At the same time, Europeans already living legally in the UK have been assured that they will be allowed to remain under any deal, but it is less clear what will happen to them if there is no deal. Trade unions and other labor groups have also expressed concern that Brexit could mean a reduction in the rights employees enjoy under labor laws grounded in EU policies. The bill drafted last year for removing the UK from the legal, political, and financial institutions of the EU preserves regulations derived from European labor laws, but employee advocates still fear that a weakening of these rights is in the pipeline; the possibility of a no-deal outcome compounds those suspicions.

In the past week, the government has issued several statements meant to reassure employees and employers that a no-deal Brexit remains unlikely and will have no such dire consequences if it does occur. A guidance document issued last week as part of a series of advice papers concerning a potential no-deal Brexit addressed the issue of workers’ rights, saying there would be no change to these protections in any event, Personnel Today reported:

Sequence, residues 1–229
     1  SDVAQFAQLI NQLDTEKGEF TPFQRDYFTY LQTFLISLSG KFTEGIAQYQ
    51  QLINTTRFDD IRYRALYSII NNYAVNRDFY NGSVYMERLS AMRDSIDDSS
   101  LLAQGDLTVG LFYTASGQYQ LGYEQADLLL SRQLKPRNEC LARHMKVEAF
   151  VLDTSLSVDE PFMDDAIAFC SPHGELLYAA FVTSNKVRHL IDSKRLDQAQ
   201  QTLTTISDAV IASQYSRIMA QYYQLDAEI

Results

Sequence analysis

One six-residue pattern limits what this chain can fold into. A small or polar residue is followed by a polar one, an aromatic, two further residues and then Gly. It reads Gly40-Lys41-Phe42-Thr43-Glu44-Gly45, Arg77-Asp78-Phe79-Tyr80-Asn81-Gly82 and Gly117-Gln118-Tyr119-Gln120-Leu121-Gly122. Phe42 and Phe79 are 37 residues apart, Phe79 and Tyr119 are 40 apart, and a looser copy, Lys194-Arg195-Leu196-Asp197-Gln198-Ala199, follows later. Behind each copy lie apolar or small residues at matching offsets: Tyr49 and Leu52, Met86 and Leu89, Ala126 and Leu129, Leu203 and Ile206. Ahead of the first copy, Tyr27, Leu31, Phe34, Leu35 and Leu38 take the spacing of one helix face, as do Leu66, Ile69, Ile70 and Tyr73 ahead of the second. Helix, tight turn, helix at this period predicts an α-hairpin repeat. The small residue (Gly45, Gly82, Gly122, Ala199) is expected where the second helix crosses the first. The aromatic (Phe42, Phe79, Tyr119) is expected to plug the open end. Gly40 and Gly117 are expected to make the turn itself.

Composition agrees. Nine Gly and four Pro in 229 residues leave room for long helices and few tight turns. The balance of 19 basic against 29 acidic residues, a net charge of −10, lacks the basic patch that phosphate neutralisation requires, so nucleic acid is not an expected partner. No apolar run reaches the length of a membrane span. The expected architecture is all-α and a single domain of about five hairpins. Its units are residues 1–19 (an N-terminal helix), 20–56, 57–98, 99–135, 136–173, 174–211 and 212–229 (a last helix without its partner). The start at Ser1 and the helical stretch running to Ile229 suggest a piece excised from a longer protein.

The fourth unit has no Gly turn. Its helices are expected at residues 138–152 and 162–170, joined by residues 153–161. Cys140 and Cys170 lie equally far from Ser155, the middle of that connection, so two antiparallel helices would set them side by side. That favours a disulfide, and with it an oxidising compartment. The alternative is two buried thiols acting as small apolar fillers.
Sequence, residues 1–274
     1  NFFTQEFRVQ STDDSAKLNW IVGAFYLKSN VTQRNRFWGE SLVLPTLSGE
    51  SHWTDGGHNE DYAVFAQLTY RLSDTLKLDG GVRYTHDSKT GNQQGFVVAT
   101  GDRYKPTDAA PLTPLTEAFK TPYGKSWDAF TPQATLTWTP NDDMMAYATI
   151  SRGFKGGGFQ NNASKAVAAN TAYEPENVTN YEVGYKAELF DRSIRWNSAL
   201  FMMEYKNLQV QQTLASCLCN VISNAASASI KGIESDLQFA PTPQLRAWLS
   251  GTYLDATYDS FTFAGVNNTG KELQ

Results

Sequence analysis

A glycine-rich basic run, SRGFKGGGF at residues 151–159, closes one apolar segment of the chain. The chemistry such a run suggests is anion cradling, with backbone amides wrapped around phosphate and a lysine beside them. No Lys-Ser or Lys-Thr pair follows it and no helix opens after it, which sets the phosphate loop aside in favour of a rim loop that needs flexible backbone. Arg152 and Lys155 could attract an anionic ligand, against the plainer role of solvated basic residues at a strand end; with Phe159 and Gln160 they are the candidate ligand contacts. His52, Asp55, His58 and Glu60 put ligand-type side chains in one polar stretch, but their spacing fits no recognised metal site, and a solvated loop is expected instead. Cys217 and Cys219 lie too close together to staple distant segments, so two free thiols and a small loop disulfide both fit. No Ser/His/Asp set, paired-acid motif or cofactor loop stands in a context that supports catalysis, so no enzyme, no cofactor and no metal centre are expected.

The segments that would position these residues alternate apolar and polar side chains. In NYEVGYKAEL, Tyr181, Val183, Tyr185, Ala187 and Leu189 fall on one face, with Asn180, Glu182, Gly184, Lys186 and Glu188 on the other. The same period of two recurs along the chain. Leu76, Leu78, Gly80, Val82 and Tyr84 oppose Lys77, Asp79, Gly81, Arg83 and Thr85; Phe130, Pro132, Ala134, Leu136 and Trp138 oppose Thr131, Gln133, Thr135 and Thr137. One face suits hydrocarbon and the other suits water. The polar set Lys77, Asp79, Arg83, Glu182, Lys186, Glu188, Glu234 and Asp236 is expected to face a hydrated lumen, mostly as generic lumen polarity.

[T]he government said domestic legislation already exceeds the level of employment protection provided under EU law. It intends to make small amendments to the language of workplace legislation to reflect that the UK will no longer be a member of the EU. No policy changes will be made.

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Fewer and Fewer US Workers are Moving for New Jobs

Fewer and Fewer US Workers are Moving for New Jobs

The number of people in the US who relocated for a new job last year declined to 3.5 million from 3.8 million in 2015, the Wall Street Journal‘s Rachel Feintzeig and Lauren Weber reported on Sunday, citing census data. Even as the US population has grown, the number of relocations has been on a downward trend overall since the government began tracking this data in 1999. A new analysis from Challenger, Gray & Christmas looks back even further and concludes that the percentage of job seekers willing to move for new jobs has fallen dramatically since the late 1980s: Between 1986 (when Challenger began collecting data) and 1990, the average annual relocation rate was 35.2 percent, compared to just 11.3 percent on average between 2007 and 2017.